Slowly but surely, Facebook’s music-licensing strategy is coming in to focus. Having announced a deal with Universal Music Group before Christmas – which included its recorded-music and publishing divisions – now the social network has an agreement with publisher Sony/ATV.
The broad details of what the deal allows are the same as Universal’s. “It provides Sony/ATV’s songwriters with a unique opportunity to earn royalties from the use of their music on both Facebook and Instagram,” explained Sony/ATV.
“Under the agreement, users will be able to upload and share videos on Facebook, Instagram and Oculus that contain compositions licensed from Sony/ATV’s catalog as well as personalise their music experiences with songs from the catalogue.”
Sony/ATV boss Martin Bandier hailed a deal that he said “recognises the value that music brings to their service” and predicted “a long and prosperous relationship”.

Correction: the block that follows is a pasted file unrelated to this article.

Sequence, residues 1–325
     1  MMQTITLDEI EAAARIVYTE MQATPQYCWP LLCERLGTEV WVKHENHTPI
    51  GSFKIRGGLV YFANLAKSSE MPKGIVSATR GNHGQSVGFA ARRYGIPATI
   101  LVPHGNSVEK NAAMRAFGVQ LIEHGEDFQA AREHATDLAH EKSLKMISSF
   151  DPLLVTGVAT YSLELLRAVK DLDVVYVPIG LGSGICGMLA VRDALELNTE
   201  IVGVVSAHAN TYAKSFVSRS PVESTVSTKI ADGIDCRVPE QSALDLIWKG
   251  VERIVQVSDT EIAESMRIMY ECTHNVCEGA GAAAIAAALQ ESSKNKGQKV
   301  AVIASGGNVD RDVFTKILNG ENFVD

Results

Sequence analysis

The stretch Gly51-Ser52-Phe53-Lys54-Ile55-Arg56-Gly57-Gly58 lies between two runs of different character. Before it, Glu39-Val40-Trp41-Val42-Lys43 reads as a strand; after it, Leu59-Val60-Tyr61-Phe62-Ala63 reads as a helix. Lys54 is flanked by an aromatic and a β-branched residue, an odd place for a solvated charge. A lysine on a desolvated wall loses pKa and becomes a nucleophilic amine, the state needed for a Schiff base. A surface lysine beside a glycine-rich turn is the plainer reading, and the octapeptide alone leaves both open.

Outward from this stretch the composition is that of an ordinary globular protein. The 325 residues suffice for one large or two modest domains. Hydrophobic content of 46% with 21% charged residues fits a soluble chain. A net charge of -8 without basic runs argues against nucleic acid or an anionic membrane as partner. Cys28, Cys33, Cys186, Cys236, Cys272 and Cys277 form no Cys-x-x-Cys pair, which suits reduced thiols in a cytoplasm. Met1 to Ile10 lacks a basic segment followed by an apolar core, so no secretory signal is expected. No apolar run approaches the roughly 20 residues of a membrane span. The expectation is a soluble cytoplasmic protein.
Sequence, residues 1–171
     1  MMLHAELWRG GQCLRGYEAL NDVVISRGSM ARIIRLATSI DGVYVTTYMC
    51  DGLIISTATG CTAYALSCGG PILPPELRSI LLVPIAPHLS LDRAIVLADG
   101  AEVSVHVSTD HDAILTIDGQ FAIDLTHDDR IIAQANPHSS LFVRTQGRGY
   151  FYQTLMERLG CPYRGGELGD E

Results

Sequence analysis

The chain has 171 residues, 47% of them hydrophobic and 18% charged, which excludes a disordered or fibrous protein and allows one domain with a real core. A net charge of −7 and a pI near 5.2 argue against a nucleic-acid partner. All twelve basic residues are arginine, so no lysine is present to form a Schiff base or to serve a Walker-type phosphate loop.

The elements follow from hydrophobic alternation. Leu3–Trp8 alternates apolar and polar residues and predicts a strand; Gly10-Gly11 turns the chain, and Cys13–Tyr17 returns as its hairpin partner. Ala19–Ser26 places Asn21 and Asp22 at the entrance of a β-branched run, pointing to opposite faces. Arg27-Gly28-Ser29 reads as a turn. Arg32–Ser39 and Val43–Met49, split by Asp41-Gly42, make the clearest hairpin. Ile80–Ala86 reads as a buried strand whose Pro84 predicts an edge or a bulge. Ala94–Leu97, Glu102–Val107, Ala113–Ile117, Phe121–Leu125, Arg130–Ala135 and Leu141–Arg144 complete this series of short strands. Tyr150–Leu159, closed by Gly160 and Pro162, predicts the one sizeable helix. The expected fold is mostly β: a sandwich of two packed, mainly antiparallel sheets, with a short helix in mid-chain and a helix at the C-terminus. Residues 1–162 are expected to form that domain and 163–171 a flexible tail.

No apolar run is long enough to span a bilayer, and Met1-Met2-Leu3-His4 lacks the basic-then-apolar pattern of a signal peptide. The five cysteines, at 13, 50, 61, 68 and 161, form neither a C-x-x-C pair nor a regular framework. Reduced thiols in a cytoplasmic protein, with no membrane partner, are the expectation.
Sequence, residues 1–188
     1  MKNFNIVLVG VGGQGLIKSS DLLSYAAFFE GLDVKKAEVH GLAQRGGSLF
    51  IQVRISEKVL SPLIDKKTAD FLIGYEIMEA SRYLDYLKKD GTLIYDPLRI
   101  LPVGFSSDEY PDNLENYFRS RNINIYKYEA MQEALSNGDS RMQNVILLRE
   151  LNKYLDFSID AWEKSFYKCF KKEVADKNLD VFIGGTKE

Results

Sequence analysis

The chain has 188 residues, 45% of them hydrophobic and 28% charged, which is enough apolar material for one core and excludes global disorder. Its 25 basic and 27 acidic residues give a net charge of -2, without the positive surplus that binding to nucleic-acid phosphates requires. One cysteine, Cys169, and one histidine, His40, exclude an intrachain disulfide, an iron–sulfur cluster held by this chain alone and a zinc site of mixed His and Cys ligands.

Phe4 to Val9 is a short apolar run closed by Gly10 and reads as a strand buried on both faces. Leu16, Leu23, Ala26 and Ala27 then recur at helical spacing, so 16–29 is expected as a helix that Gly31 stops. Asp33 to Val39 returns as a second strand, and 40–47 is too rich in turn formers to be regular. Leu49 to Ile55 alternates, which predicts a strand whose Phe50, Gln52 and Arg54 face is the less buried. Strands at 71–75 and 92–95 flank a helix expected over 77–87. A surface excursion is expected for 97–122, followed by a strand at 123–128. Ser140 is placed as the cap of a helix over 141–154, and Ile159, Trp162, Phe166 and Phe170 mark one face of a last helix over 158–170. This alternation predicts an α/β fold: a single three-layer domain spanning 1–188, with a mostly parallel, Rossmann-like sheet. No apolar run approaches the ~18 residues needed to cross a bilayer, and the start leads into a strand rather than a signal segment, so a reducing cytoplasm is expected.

Bandier had previously been one of the more outspoken publishers on Facebook’s licensing responsibilities, telling Music Ally in December 2016 that “Facebook is on everyone’s agenda… they are clearly on the agenda of all music publishers, all record companies and all of the trade associations”.
As regularly predicted in 2017, Facebook’s initial focus is licensing deals to cover user-uploaded videos (with music) on its platform. But the breadth of these first deals – the inclusion of Instagram and Oculus, as well as the reference to personalised music experiences – is a welcome sign that Facebook wants to do more with music than simply cover its UGC liabilities.
As more label and publisher deals are signed, we’re closer to finding out exactly what those ambitions might be.